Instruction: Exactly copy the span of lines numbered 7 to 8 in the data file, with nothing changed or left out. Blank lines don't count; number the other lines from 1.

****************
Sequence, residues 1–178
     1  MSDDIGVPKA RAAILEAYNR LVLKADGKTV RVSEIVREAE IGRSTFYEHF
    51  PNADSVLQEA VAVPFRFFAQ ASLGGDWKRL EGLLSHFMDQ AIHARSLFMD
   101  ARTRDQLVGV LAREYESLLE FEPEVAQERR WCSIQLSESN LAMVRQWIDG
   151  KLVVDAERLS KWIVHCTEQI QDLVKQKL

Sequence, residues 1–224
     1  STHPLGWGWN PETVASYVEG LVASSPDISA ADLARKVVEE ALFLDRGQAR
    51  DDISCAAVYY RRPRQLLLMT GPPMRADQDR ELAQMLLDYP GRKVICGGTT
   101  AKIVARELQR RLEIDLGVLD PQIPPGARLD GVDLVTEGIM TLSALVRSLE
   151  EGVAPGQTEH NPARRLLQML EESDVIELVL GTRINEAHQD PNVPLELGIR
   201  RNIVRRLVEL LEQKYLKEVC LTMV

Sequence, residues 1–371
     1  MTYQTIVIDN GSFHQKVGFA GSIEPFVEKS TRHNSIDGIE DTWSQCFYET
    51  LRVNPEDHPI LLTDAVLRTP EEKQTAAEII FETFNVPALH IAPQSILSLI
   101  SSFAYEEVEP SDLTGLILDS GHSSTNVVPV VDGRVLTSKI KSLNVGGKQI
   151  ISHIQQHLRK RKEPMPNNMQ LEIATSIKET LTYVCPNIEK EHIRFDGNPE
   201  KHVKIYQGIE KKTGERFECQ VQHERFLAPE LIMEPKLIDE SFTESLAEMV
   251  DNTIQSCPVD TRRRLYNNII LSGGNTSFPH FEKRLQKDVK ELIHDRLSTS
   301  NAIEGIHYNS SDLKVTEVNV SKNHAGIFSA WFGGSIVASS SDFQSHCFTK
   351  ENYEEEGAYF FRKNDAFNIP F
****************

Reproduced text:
     1  STHPLGWGWN PETVASYVEG LVASSPDISA ADLARKVVEE ALFLDRGQAR
    51  DDISCAAVYY RRPRQLLLMT GPPMRADQDR ELAQMLLDYP GRKVICGGTT